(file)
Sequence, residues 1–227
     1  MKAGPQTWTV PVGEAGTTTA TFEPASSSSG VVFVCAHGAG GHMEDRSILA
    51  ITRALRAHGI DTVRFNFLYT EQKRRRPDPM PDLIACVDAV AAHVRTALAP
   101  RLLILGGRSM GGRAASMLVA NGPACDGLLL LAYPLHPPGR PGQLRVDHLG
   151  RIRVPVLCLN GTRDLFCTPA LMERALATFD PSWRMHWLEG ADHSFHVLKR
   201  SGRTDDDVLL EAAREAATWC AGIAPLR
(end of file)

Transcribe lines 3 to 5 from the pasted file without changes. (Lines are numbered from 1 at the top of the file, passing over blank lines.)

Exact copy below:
    51  ITRALRAHGI DTVRFNFLYT EQKRRRPDPM PDLIACVDAV AAHVRTALAP
   101  RLLILGGRSM GGRAASMLVA NGPACDGLLL LAYPLHPPGR PGQLRVDHLG
   151  RIRVPVLCLN GTRDLFCTPA LMERALATFD PSWRMHWLEG ADHSFHVLKR